In the 2004-05 eighteen-game World Cup qualification campaign, Beasley was a key member of the U.S. national team, tying for third on the team in World Cup qualification goals scored with four. During the 2006 World Cup, Beasley started two matches for Arena and appeared as a substitute in the third. His assist to Clint Dempsey in the 2-1 loss to Ghana in the team’s third match of Group E play was one of the team’s highlight moments of the tournament.
Looking to move on from PSV, Beasley was able to join Manchester City in the English Premier League in August 2006 on a one-year loan. Here he was temporarily reunited with former US captain Claudio Reyna, until Reyna returned to MLS. Beasley scored three goals for City during an injury-blighted stay with the team before joining Scottish side Glasgow Rangers on a permanent basis at the start of the 2007-08 season.
Beasley’s debut run with Rangers was cut short by an injury in Champions League play, but he recovered in time to factor late in the season. Injury limited his appearances in 2009-10 and he announced that he would be leaving the club when his contract ran out at the end of the season. He signed with Hannover 96 in August 2010. He moved to Puebla in Mexico’s Primera Division for the 2011 Apertura season.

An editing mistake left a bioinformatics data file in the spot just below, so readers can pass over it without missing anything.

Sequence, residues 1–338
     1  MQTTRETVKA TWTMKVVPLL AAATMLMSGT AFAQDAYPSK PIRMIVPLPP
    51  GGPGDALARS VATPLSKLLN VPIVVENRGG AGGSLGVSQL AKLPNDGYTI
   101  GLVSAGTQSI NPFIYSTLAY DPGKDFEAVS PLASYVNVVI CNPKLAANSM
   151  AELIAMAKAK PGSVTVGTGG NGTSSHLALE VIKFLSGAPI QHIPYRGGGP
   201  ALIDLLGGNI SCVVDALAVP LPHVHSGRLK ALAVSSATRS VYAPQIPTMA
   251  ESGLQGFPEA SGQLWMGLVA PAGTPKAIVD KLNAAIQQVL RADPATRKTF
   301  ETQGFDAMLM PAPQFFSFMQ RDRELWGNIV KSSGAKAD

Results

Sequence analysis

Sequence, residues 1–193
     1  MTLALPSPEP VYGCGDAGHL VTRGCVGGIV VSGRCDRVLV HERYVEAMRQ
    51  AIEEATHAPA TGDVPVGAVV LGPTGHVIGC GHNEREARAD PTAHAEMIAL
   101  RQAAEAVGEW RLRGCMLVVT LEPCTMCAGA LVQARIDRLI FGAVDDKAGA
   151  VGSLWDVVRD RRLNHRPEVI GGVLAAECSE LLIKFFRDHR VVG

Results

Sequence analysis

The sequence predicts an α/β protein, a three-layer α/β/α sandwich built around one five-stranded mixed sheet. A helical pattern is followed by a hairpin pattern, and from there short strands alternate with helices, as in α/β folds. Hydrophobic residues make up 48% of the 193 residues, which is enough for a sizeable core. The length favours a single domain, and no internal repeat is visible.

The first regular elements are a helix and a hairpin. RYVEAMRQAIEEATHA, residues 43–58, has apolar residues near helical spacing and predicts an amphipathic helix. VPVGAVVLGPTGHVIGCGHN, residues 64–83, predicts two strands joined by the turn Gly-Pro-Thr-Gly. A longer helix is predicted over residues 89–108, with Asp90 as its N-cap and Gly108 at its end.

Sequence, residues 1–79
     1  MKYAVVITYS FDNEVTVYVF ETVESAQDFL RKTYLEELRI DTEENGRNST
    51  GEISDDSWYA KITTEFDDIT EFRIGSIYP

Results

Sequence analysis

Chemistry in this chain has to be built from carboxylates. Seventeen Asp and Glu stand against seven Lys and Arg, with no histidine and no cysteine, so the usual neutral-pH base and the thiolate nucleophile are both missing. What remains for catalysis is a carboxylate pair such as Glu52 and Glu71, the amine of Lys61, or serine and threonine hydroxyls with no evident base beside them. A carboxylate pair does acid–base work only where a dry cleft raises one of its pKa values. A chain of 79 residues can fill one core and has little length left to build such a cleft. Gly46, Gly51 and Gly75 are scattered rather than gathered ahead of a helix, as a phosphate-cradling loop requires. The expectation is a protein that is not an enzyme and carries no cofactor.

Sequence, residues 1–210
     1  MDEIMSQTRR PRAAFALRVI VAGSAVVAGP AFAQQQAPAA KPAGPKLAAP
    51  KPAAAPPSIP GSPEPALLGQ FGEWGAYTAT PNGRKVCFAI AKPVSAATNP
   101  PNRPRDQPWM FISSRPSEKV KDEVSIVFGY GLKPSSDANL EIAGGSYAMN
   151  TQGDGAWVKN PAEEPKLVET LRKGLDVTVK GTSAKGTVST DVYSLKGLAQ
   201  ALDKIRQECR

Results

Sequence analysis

DaMarcus Beasley reemerged as a key member of the USMNT in 2013, playing as a defender. He stayed in that role through World Cup Qualifying and started in the 2014 World Cup. He joined the Houston Dynamo in July of 2014. Beasley announced his retirement following the 2019 season.
Subbed on in the second-half against Jamaica on Feb 3. Started against Mexico on Jun 11. Started against Honduras on Sep 5.
After announcing his international retirement at the end of 2014, Beasley reconsidered and rejoined the USMNT for the knockout rounds of the 2015 Gold Cup. Subbed on in extra time against Panama on Jul 25. Started the Confederations Cup playoff against Mexico on Oct 10.
Named to the final World Cup roster. Started against Azerbaijan on May 28th and Nigeria on June 8th. Started against Ghana in the World Cup Group G opener on June 16th. Started against Portugal in the World Cup on June 22nd and against Germany on June 26th. Started against Belgium in the Round of 16 on July 1st. Subbed on in the second-hand against Colombia on Nov 14.
Started against Costa Rica in the Mar 22 World Cup Qualifier and on Mar 26th against Mexico. Earned his 100th cap against Belgium on May 29th in Cleveland and started against Germany on Jun 2nd. Started against Jamaica in the Jun 7 World Cup Qualifier and against Panama on Jun 11. Captained the USA against Guatemala on Jul 5. Captain for the 2013 Gold Cup. Started against Costa Rica on Jul 16. Started in the Gold Cup quarterfinal against El Salvador on Jul 21, the semifinal against Honduras on Jul 24, and the final against Panama on Jul 28. Started against Costa Rica on Sep 6 and Mexico on Sep 10. Started against Jamaica on October 11. Started against Scotland on Nov 15 and Austria on Nov 19.